As Pranab Mukherjee prepares to move to Rashtrapati Bhawan from North Block, international media has been unsparing in criticism of the veteran politician’s policies as finance minister over the last three years.
“The Indian economy may benefit from a new finance minister,” Wall Street
Journal (WSJ) said in an editorial in its Asia edition on Wednesday.
“Pranab Mukherjee stepped down as India’s finance minister yesterday, and it’s not hard to assess his legacy… Mr Mukherjee exemplifies the confusion in New Delhi about what to do next. It’s impossible to reverse the slowdown when you won’t even admit to it,” the WSJ said in the editorial headlined “Mukherjee’s Miasma” (in pic).
The Economist, in its latest (June 23, 2012) edition, said: “India’s finance minister, Pranab Mukherjee, is poised to achieve his second-highest ambition.”
“As the arch political fixer, Mr Mukherjee was an obstacle to reform, since it involves overriding the interests of some coalition partners and, often, may be unpopular with voters. But a slowing economy is probably an even surer way of losing an election,” The Economist said in “Presidential sweets”.
It described Mukherjee as an “ambitious and activist politician,” and the Presidential post, although largely ceremonial, will give him the “chance for some ambitious activist politicking.”
“If, as is quite possible, the next election, due by 2014, produces a hung Parliament, it will be up to the President to decide who is asked to try to form a government.”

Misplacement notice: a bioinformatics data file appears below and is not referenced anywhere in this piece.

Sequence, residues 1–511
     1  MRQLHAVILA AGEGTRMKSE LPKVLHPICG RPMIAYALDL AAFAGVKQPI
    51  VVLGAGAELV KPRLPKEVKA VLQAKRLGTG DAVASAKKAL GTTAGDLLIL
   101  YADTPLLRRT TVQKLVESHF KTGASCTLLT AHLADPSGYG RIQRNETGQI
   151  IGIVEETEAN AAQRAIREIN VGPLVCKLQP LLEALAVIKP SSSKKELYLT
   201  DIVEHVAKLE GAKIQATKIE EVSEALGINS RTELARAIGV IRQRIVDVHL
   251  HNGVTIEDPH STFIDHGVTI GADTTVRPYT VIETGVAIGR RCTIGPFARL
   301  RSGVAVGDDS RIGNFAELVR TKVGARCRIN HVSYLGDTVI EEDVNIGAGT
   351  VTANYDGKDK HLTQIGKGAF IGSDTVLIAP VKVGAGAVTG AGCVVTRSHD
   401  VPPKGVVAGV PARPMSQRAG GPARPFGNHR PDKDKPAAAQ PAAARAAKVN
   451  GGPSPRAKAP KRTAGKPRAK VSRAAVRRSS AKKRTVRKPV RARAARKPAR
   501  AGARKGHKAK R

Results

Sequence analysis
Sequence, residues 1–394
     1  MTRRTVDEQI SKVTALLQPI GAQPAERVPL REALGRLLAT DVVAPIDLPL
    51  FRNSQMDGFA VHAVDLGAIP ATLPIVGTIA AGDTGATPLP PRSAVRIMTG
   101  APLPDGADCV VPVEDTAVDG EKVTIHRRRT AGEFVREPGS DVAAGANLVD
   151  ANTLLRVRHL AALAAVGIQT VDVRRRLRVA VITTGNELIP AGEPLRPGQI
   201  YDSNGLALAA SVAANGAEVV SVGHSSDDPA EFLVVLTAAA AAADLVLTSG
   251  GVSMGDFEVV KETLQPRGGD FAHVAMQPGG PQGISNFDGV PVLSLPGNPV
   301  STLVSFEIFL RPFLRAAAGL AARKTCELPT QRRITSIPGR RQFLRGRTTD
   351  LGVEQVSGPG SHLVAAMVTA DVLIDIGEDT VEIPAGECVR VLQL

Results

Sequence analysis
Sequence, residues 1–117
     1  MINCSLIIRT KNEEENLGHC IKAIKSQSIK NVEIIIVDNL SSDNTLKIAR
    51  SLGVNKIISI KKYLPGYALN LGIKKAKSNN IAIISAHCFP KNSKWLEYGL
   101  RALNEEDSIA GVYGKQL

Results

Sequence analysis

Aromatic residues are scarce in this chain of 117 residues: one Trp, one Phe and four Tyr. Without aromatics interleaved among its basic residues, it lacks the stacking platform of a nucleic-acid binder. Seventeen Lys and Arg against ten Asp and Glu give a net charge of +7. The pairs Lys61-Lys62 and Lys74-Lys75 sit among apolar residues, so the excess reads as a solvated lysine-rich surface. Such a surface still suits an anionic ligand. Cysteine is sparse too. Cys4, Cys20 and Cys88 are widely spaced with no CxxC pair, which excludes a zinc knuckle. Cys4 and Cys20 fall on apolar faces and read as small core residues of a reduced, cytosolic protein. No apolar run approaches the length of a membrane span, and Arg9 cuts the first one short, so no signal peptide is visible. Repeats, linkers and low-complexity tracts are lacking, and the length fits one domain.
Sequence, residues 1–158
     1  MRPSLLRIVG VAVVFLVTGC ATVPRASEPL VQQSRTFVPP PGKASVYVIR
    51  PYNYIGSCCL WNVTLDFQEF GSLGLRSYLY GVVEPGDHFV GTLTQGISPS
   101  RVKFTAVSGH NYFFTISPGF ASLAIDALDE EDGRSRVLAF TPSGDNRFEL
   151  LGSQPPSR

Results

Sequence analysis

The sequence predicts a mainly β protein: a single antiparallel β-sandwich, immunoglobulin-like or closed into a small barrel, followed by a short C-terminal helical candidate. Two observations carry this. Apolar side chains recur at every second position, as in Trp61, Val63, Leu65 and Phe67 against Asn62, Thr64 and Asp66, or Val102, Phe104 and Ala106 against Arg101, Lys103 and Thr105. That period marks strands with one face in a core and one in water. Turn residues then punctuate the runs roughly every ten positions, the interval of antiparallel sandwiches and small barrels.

The New York Times, in its blog ‘India Ink’, published a post titled “Submit Your Applications for Finance Minister of India Here,” — a sort of contest of remedies to reverse India’s economic slowdown.
“Please offer your top three to five suggestions for getting the Indian economy back on track and we’ll pick a winner on Friday,” it said. “He or she will receive a copy of Mr Mukherjee’s book Challenges Before the Nation, although we can’t guarantee any finance ministry nominations,” The NYT said.
On Monday Reuters had, in an article headlined “India’s finance minister goes out with a flop,” blamed Mukherjee for drumming up expectations when he said over the weekend that “major” measures to boost the economy will be announced.
“Loose talk creates unnecessary market volatility. It’s too late for Pranab Mukherjee to learn the lesson,” it said.
“(Prime Minister) Manmohan Singh will take on the role — with a lot of unfinished business — until a full-time successor can be found. Singh, the notoriously tight-lipped architect of India's first economic revival, is likely to realise that actions will count more than words.”
UK-based Financial Times in a blog post titled “Mukherjee: master of ceremony,” criticised the erstwhile finance minister for “having failed to push through a single meaningful fiscal reform in the first three years of his government’s current term.”
The post described Mukherjee as playing “Santa Claus (in this year’s budget), with a gift for every boy and girl — the shopping list of spending proposals was exactly what the Indian economy didn’t need, and exactly what almost every economist and business leader had counseled against.”
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